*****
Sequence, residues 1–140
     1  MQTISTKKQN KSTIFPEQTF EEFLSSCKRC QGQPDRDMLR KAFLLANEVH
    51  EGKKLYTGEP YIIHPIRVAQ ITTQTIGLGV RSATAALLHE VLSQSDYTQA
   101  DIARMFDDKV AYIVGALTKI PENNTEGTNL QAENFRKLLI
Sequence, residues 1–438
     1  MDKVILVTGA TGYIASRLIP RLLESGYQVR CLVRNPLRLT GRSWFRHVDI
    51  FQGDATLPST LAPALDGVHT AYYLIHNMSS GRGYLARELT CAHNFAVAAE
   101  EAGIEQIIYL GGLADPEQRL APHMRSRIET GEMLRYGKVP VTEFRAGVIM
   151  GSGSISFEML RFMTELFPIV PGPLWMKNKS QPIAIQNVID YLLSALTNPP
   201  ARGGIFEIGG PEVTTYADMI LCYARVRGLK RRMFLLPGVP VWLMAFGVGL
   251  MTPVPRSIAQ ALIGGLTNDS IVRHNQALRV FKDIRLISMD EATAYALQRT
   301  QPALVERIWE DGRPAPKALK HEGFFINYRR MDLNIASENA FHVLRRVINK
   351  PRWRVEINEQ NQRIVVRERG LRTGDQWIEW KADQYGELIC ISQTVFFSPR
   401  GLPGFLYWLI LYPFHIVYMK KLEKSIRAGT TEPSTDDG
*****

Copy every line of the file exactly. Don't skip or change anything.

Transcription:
Sequence, residues 1–140
     1  MQTISTKKQN KSTIFPEQTF EEFLSSCKRC QGQPDRDMLR KAFLLANEVH
    51  EGKKLYTGEP YIIHPIRVAQ ITTQTIGLGV RSATAALLHE VLSQSDYTQA
   101  DIARMFDDKV AYIVGALTKI PENNTEGTNL QAENFRKLLI
Sequence, residues 1–438
     1  MDKVILVTGA TGYIASRLIP RLLESGYQVR CLVRNPLRLT GRSWFRHVDI
    51  FQGDATLPST LAPALDGVHT AYYLIHNMSS GRGYLARELT CAHNFAVAAE
   101  EAGIEQIIYL GGLADPEQRL APHMRSRIET GEMLRYGKVP VTEFRAGVIM
   151  GSGSISFEML RFMTELFPIV PGPLWMKNKS QPIAIQNVID YLLSALTNPP
   201  ARGGIFEIGG PEVTTYADMI LCYARVRGLK RRMFLLPGVP VWLMAFGVGL
   251  MTPVPRSIAQ ALIGGLTNDS IVRHNQALRV FKDIRLISMD EATAYALQRT
   301  QPALVERIWE DGRPAPKALK HEGFFINYRR MDLNIASENA FHVLRRVINK
   351  PRWRVEINEQ NQRIVVRERG LRTGDQWIEW KADQYGELIC ISQTVFFSPR
   401  GLPGFLYWLI LYPFHIVYMK KLEKSIRAGT TEPSTDDG